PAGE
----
MEDIA: Regulators should give this V chip ‘saviour’ the V sign

Just minutes into the first episode of Lynda La Plante’s new series of The Governor last Saturday there was a sickeningly violent scene: a warder’s face was repeatedly smashed against a toilet bowl, until the blood ran.

Just minutes into the first episode of Lynda La Plante’s new series of

The Governor last Saturday there was a sickeningly violent scene: a

warder’s face was repeatedly smashed against a toilet bowl, until the

blood ran.



Lunching with the Independent Television Commission’s officials on

Monday I discovered that the programme had been watched by an official

monitor, and the incident, broadcast only minutes after the 9pm

watershed was already under scrutiny.



This is the way programme standards are largely shaped in Britain, by

reference to codes combined with a firm eye on public complaints...but

only after the programmes have been broadcast. Some say the system is

flawed as once a screening has taken place, the damage has been done:

that it gives inadequate attention to the cumulative effect of one

violent programme after another.



But do we want to surrender it for another model? This is the serious

regulatory issue posed by the ‘V chip’. Last week the Advertising

Association organised a seminar at the Department of National Heritage

dedicated to this cheap, electronic ‘saviour’ which, if fitted to TV

sets, could allow parents, using a password, to block access to

unsuitable programmes. In the US, President Clinton has accepted that in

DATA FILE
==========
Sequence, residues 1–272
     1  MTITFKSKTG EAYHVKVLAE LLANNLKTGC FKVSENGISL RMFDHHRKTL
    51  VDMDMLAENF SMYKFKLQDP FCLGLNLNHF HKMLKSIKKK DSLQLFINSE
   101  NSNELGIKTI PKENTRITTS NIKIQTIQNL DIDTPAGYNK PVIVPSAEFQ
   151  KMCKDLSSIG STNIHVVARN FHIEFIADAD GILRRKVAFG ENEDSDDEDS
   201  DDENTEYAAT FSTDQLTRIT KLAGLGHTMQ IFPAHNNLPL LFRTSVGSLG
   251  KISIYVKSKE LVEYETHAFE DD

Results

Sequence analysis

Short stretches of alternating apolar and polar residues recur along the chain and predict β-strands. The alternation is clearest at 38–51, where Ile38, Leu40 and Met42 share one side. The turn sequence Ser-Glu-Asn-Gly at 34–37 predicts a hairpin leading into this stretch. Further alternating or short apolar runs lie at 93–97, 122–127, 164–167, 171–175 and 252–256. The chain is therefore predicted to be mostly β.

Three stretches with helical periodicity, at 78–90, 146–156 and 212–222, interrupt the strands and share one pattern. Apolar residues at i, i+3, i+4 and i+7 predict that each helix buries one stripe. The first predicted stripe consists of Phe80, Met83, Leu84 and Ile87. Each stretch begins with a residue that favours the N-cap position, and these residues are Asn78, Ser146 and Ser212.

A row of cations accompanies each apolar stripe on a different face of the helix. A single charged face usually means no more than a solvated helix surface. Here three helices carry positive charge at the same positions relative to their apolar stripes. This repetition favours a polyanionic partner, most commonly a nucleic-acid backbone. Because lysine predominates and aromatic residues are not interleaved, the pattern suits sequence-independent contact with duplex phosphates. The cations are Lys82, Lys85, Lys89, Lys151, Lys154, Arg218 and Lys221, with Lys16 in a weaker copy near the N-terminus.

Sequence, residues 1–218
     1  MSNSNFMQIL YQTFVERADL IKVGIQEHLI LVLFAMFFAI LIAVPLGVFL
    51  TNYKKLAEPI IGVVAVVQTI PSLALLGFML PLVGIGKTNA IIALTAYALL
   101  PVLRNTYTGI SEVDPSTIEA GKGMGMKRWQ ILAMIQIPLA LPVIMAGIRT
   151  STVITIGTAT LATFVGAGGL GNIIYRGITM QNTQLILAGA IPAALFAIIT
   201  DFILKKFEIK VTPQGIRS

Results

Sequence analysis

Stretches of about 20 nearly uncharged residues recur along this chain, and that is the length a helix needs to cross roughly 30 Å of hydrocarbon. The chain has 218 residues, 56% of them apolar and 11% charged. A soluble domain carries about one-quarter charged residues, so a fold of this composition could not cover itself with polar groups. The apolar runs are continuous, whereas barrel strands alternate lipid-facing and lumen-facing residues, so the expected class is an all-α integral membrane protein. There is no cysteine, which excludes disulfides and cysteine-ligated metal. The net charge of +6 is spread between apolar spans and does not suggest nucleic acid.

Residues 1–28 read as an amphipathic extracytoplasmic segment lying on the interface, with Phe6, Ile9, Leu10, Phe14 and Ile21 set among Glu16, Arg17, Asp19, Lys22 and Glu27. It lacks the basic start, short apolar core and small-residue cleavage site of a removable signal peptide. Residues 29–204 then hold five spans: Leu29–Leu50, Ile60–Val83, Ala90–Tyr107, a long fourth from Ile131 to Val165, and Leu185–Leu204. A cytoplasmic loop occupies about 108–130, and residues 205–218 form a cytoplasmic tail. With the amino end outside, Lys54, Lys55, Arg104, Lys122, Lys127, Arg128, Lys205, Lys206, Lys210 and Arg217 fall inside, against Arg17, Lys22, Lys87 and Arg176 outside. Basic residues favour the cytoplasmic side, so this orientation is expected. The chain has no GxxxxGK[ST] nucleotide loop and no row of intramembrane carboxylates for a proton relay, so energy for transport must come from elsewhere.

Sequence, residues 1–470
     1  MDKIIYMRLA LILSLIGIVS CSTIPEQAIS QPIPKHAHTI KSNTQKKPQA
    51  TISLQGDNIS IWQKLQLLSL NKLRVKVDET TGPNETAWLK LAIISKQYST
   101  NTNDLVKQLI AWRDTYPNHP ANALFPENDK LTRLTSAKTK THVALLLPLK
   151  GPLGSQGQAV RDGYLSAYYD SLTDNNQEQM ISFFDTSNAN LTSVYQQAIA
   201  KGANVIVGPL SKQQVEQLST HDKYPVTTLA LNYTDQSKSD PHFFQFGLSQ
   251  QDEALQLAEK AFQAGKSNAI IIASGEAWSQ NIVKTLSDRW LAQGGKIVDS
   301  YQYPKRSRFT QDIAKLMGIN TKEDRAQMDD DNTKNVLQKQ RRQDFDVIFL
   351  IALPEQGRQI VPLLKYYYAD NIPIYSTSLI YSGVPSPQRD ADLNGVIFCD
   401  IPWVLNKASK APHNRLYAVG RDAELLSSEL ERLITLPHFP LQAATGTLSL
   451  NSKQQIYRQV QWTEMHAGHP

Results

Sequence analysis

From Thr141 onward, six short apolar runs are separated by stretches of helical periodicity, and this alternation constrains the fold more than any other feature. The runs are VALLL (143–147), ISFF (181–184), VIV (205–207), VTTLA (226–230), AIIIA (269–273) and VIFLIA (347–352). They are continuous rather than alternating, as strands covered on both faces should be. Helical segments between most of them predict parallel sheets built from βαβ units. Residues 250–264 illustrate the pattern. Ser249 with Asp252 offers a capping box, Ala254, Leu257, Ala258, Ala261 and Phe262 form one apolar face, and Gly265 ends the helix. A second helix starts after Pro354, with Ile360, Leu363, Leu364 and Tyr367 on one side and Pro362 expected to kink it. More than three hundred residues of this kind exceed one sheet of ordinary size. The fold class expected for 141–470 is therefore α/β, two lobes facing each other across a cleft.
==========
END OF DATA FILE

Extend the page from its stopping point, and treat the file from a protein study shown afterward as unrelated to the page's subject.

two years’ time all sets should be fitted, with programmes classified on

a scale of one to four.



The European Parliament has voted, in principle, to go down the same

route. But is it right, or plain ignorant? Instead of an abstract

debate, let us suppose that the V chip has arrived in Britain and The

Governor is being screened. The broadcaster would be responsible for

giving it a classification code of four (adults only). If I, as an

adult, complained about levels of violence in the programme I could be

rightly told that I should simply programme my V chip to avoid category

4 in the future. Once you look at it this way you immediately grasp why

Mary Whitehouse is right in condemning the chip.



And that the professional regulators, the ITC, BBC, and Broadcasting

Standards Councils, who ought to be giving a lead in this matter, have

been shamefully equivocal, playing politics by appearing to be

reasonable, rather than telling the Government it’s a bad idea. It would

do nothing to raise standards and make broadcasters more responsible,

nor reduce the amount of violence broadcast. But it would provide them

with the perfect cop-out.



Nor would it address the problem of how to protect the most vulnerable,

disturbed adults as much as children, since these are precisely the

groups who will either be drawn to violent screen images, or have

parents who do not bother about what they view.

The V chip is a piece of technology, not a saviour. It should be

rejected.



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